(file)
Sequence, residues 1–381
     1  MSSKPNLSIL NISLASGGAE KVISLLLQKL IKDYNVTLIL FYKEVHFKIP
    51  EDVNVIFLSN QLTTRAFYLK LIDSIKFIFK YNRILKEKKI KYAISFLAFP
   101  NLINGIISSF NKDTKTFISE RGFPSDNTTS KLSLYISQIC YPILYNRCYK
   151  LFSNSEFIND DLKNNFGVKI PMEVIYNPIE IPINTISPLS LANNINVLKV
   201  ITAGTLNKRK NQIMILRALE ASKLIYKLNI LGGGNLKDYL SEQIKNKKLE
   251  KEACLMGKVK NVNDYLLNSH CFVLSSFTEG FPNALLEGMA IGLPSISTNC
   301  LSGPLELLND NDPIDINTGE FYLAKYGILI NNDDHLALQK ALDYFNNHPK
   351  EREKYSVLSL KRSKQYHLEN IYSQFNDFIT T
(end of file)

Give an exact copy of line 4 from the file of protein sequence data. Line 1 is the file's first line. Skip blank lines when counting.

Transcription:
   101  NLINGIISSF NKDTKTFISE RGFPSDNTTS KLSLYISQIC YPILYNRCYK